That statement makes it sound like the government thinks it is trying to catch up to the enterprise, but, with regard to cloud computing in particular, one has to wonder if they really understand the magnitude of their goal.

While the OMB intends to use cloud computing to enable shutting down 800 data centers in a few years, most large commercial enterprises are still just taking baby steps, dragging their feet, or digging in their heels with regards to the cloud, and very few are attempting anything nearly as ambitious as the OMB plan.

The US government takes a lot of heat and engenders a lot of cynicism from its citizenry, and much of it is certainly deserved.  But, regardless of our individual politics, we each can probably think of at least a few things the government has done that to us represent startling achievements that we can't help but admire and hope will be further pursued in the wider commercial world, like space exploration or disease prevention.

Two weeks ago, I never would have guessed that cloud computing might be one such thing.

More Stories By Tim Negris

Tim Negris is SVP, Marketing & Sales at Yottamine Analytics, a pioneering Big Data machine learning software company. He occasionally authors software industry news analysis and insights on Ulitzer.com, is a 25-year technology industry veteran with expertise in software development, database, networking, social media, cloud computing, mobile apps, analytics, and other enabling technologies.

He is recognized for ability to rapidly translate complex technical information and concepts into compelling, actionable knowledge. He is also widely credited with coining the term and co-developing the concept of the “Thin Client” computing model while working for Larry Ellison in the early days of Oracle.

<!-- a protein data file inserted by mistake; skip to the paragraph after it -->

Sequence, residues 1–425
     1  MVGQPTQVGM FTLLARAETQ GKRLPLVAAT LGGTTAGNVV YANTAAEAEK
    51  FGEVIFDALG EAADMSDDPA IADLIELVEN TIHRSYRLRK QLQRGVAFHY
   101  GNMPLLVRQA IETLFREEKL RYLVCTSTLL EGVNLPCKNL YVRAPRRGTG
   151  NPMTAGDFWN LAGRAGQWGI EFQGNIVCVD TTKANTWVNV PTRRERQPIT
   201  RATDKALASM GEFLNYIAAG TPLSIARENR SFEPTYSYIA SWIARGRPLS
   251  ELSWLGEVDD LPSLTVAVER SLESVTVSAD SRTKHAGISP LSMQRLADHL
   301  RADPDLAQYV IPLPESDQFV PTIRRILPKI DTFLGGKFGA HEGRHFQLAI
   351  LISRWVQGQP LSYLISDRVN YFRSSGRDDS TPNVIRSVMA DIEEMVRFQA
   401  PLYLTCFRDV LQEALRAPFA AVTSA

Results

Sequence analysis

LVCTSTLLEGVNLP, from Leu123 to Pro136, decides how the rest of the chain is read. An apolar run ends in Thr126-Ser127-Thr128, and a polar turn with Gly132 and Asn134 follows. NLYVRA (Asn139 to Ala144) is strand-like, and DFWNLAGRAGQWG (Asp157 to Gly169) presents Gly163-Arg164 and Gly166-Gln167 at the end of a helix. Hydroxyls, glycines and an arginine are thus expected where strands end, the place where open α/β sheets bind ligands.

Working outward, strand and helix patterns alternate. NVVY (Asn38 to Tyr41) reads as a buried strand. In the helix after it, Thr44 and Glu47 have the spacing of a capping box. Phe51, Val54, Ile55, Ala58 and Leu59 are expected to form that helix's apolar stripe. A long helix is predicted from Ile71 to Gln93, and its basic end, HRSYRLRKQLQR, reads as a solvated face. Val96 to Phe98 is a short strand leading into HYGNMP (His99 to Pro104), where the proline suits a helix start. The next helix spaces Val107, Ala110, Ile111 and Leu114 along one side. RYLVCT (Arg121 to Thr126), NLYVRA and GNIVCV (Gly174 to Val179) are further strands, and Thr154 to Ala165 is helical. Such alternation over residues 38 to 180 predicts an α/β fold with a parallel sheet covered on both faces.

Tim has also held a variety of executive and consulting roles in a numerous start-ups, and several established companies, including Sybase, Oracle, HP, Dell, and IBM. He is a frequent contributor to a number of publications and sites, focusing on technologies and their applications, and has written a number of advanced software applications for social media, video streaming, and music education.

Comments (0)

Share your thoughts on this story.

Add your comment
You must be signed in to add a comment. Sign-in | Register

In accordance with our Comment Policy, we encourage comments that are on topic, relevant and to-the-point. We will remove comments that include profanity, personal attacks, racial slurs, threats of violence, or other inappropriate material that violates our Terms and Conditions, and will block users who make repeated violations. We ask all readers to expect diversity of opinion and to treat one another with dignity and respect.


@ThingsExpo Stories
"LinearHub provides smart video conferencing, which is the Roundee service, and we archive all the video conferences and we also provide the transcript," stated Sunghyuk Kim, CEO of LinearHub, in this SYS-CON.tv interview at @ThingsExpo, held November 1-3, 2016, at the Santa Clara Convention Center in Santa Clara, CA.
Internet of @ThingsExpo, taking place June 6-8, 2017 at the Javits Center in New York City, New York, is co-located with the 20th International Cloud Expo and will feature technical sessions from a rock star conference faculty and the leading industry players in the world. @ThingsExpo New York Call for Papers is now open.
"There's a growing demand from users for things to be faster. When you think about all the transactions or interactions users will have with your product and everything that is between those transactions and interactions - what drives us at Catchpoint Systems is the idea to measure that and to analyze it," explained Leo Vasiliou, Director of Web Performance Engineering at Catchpoint Systems, in this SYS-CON.tv interview at 18th Cloud Expo, held June 7-9, 2016, at the Javits Center in New York Ci...